New Jersey’s government and business officials want to make one thing clear to the rest of the world: the state is open for business.
On Thursday, the New Jersey Economic Development Authority, the Commerce and Industry Association of New Jersey, and Choose New Jersey held an open networking event with delegates from more than a dozen countries and New Jersey businesses eyeing relationships across the Atlantic or Pacific oceans.
“This is really about building relationships, and partnerships,” CIANJ President Anthony Russo said in his prepared remarks at the Weehawken event.
Thursday’s attendees include delegates from the New York consultants for Germany and India – where Gov. Phil Murphy took part in week-long economic trade missions – and from business councils or consulates representing Austria, Canada, China, Finland, Hungary, Japan, Mexico, Netherlands, Philippines, Romania, Taiwan, Turkey and Belgium.
The EDA runs an Office of International Trade and Investment to reach that goal, while Choose NJ – a nonprofit which markets the state to businesses abroad – operates a similarly-goaled office in Germany and another in India.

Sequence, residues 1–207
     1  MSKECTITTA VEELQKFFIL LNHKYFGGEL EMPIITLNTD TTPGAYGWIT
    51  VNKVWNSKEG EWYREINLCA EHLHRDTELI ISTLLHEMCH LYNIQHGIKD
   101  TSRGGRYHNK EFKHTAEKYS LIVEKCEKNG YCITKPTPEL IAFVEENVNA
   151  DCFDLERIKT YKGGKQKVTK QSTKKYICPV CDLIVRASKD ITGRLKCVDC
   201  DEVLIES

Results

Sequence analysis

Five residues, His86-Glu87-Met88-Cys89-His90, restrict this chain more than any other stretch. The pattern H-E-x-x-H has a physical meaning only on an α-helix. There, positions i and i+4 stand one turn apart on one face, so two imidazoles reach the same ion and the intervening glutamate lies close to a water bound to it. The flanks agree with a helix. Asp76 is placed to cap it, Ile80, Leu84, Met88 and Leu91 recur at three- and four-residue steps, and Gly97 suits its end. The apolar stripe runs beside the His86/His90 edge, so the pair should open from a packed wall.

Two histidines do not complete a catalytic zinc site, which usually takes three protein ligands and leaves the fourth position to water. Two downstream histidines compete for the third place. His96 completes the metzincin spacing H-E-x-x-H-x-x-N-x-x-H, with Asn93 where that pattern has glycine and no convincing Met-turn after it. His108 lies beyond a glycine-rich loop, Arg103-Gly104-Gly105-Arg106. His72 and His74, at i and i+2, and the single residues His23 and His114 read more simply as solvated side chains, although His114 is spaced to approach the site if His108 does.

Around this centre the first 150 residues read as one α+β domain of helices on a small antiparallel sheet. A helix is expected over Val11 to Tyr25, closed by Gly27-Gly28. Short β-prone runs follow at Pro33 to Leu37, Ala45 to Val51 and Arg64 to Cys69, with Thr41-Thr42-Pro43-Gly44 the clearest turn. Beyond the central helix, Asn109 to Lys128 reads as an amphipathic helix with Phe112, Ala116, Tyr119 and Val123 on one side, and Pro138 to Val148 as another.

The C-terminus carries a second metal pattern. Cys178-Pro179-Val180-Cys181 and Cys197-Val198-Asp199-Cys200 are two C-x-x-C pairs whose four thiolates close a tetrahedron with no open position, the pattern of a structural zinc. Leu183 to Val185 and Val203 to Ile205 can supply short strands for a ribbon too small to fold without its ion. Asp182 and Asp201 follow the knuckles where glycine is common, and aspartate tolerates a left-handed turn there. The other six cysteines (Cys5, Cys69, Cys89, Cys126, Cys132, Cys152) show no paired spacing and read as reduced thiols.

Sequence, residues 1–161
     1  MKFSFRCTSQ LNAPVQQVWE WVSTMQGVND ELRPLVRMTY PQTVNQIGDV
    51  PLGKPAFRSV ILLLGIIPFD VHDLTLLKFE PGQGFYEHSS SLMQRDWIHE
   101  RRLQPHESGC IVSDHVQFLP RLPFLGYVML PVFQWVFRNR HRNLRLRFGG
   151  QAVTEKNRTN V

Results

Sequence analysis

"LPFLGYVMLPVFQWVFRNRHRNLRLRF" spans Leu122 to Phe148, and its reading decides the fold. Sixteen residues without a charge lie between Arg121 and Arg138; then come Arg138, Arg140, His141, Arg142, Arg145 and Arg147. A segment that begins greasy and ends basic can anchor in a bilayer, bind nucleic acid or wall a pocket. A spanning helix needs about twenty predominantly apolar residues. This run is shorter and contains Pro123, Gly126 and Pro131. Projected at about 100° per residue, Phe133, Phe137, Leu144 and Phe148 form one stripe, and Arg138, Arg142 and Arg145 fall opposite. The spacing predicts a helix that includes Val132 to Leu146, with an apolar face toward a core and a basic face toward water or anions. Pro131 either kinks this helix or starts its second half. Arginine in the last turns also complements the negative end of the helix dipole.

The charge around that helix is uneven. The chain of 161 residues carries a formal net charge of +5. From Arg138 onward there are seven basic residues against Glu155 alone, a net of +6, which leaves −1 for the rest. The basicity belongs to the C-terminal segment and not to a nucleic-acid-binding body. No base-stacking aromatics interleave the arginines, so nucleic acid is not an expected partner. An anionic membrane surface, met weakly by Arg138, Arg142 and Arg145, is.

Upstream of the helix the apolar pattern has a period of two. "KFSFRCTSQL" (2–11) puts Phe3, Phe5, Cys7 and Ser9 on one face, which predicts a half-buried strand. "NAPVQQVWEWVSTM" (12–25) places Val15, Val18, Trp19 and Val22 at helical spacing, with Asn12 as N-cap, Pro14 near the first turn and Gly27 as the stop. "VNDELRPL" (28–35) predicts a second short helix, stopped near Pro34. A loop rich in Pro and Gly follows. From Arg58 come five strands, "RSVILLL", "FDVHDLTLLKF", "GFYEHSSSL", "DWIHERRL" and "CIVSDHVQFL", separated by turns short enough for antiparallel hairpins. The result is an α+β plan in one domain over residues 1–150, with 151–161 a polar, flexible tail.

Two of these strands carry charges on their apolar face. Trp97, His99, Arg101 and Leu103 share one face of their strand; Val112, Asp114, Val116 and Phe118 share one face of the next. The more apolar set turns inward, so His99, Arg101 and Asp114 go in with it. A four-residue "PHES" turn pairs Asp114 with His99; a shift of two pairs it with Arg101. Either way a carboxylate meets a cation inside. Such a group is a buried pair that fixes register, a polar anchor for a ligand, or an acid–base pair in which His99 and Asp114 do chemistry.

“It’s really a unique opportunity for us and the Office of International Trade and Investment to connect … with the diplomatic and international business community,” Sara Cadeddu, an analyst for the office, said at the event.
The governor’s trip to Germany, and his roughly four years as ambassador to the country, played no small part in the country’s attraction to New Jersey, according to Jens Janik, deputy consul general at Germany’s consulate in New York City. “A lot of German companies are in New Jersey,” Janik said. “It’s a good location.”
New Jersey hosts one of the highest populations of Indian-Americans in the country – including at the Oak Tree Road neighborhood in Edison and Bombay Square in Jersey City – which has proven to be a huge attraction for Indian businesses eyeing the country to choose the state, according to Devi Prasad Misra, trade consul at India’s consulate office in New York City.
“In New Jersey we have a strong presence, there are a number of Indian companies already in New Jersey,” Misara said.
The make or break factors for moving into the state, Misara pointed out, are “availability of talent” and “connectivity with the rest of the world,” both of which New Jersey receives high marks.
Berenice Penilla Moya, who heads economic affairs at Mexico’s consulate general in New York City, said that the vast majority of Mexican-owned businesses in New Jersey are smaller and family-owned, and so the push is to attract that kind of investment into the state.
“We are well-represented,” she said. “New Jersey’s one of the biggest, for example Passaic. We have a really big community there.”